(impl) C allows identifiers to contain non-standard characters. Like gcc(1), unifdef allows ‘$’ in identifiers.

(impl) UTF-8 characters and other source bytes with the top bit set are also allowed in identifiers.

(diff) C and C++ allow a subset of universal character names in identifiers, whereas unifdef does not check them.

(vary) C++ does not allow implementations to extend the set of valid identifiers. Multibyte characters are allowed in C++ identifiers via the phase 1 translation to universal character names.

(vary) In C++14, GNU C, and unifdef you can use binary literals like ‘0b0101010’.

(vary) In C++14 you can separate digit groups in numbers with apostrophes, like ‘1'048'576’. C does not have digit separators. Digit separators can be read and passed through by unifdef, but it cannot evaluate integers containing them.

(diff) Backslash-newline sequences inside integers also prevent unifdef from evaluating them.

(vary) The long long type and its ‘ll’ and ‘LL’ integer constant suffixes were introduced in C99 and C++11. The standard preprocessor and unifdef recognise length suffixes but always evaluate expressions using maximum-width integers,

(vary) The standard preprocessor and unifdef do not evaluate floating constants, which may also contain apostrophes in C++.

(vary) The standard preprocessor and unifdef do not evaluate user-defined numeric literals, which were added in C++11.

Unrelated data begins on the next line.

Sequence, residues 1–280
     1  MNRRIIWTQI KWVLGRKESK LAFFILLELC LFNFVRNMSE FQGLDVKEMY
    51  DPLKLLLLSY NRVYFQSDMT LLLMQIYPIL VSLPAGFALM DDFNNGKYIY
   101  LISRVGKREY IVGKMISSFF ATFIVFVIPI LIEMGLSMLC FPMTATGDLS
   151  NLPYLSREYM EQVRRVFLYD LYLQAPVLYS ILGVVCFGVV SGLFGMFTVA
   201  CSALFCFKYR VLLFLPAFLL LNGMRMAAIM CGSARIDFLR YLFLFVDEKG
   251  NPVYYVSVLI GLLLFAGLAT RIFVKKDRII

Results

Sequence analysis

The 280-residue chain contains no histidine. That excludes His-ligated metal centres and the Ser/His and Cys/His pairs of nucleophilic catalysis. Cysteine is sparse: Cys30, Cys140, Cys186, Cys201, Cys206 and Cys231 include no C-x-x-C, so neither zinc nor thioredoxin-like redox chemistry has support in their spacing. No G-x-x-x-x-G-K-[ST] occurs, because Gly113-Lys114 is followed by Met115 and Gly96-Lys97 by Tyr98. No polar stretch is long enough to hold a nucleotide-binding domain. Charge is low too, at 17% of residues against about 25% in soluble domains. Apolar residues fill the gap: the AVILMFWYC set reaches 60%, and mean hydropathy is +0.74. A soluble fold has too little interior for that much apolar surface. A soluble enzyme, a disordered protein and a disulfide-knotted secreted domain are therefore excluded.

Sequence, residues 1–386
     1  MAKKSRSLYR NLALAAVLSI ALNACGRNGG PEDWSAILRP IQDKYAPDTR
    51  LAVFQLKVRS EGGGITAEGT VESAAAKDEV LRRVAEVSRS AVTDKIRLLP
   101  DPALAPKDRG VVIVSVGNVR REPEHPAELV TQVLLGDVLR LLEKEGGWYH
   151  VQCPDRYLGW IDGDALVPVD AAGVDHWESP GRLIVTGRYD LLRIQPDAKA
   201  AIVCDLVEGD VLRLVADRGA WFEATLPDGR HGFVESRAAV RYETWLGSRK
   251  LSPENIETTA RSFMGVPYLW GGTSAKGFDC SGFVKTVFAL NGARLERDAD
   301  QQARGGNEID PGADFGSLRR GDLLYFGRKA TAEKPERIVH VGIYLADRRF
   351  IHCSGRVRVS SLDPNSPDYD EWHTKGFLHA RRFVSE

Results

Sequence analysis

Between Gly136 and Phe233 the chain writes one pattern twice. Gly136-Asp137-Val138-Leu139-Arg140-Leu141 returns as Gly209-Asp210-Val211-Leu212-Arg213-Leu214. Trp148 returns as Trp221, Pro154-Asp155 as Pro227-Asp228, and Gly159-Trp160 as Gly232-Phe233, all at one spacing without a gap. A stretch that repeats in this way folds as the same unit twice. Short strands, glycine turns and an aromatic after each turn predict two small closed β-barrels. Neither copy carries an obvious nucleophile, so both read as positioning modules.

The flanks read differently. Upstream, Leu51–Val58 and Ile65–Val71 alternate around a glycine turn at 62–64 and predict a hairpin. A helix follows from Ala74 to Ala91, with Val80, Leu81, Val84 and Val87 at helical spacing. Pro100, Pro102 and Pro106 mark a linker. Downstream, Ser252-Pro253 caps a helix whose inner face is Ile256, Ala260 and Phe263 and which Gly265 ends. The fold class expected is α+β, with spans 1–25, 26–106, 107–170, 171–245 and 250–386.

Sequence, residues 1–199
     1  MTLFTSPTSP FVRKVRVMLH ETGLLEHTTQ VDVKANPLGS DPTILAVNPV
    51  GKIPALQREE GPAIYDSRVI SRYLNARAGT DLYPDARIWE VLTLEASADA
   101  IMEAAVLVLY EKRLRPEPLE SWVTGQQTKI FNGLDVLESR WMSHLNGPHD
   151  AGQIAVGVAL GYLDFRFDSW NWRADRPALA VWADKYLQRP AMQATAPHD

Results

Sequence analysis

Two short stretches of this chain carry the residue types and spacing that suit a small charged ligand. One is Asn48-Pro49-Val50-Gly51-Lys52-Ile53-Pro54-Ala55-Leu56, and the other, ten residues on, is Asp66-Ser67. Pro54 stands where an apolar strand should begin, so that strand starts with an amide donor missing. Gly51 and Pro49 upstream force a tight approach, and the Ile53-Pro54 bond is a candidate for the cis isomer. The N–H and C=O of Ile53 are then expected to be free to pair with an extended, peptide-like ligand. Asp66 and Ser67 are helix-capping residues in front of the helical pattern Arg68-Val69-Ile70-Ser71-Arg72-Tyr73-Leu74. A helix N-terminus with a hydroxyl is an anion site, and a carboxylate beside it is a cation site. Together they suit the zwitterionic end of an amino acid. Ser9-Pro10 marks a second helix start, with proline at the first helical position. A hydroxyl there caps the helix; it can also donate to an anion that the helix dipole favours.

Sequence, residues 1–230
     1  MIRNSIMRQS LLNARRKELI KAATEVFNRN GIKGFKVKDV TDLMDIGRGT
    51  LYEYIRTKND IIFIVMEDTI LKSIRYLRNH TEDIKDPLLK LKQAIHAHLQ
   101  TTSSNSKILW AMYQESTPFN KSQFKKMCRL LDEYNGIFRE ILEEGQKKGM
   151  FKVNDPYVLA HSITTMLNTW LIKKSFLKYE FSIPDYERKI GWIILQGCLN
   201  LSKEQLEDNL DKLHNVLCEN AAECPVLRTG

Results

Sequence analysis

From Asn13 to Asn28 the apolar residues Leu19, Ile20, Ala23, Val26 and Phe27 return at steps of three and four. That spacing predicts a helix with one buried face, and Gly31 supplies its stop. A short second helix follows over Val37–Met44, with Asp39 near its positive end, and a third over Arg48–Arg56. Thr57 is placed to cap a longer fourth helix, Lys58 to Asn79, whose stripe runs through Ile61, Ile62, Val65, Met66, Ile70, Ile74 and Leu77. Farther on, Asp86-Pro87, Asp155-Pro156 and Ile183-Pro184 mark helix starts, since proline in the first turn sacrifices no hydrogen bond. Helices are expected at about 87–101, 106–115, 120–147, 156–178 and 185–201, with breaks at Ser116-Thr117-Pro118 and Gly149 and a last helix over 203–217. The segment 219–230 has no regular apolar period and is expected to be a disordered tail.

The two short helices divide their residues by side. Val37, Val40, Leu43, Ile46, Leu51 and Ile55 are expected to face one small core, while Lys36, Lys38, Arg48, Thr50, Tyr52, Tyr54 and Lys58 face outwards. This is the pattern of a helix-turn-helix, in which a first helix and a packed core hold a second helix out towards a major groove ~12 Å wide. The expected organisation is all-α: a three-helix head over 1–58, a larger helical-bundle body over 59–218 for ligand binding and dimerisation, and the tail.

(diff) The following kinds of character constants can be evaluated by unifdef. Other character constants are passed through unevaluated.
  • A single universal character name that does not overflow
  • A single hex or octal escape that does not overflow
  • One simple escape like '\n', with the usual ASCII value, including the GNU extension '\e' for '\033' ESC
  • A single ASCII or UTF-8 character, whose value is the the corresponding Unicode code point
  • A single byte with the top bit set (when the source is non-UTF-8 extended ASCII)

(impl) Hex and octal escape sequences can be up to 8 bits for bare character constants, 7 bits for u8'X' constants, 16 bits for u'X' constants, or 32 bits for U'X' or L'X' constants.

(impl) Bare character constants without an encoding prefix are sign-extended if their value is between 128 and 255, unless they are UTF-8.

(impl) Wide character constants containing a non-UTF8 extended ASCII byte with an ‘L’ encoding prefix are also sign-extended.

(impl) The full range of UTF-8 values is allowed in most character constants. The standards limit u'X' to 16 bits, and u8'X' to 7 bits.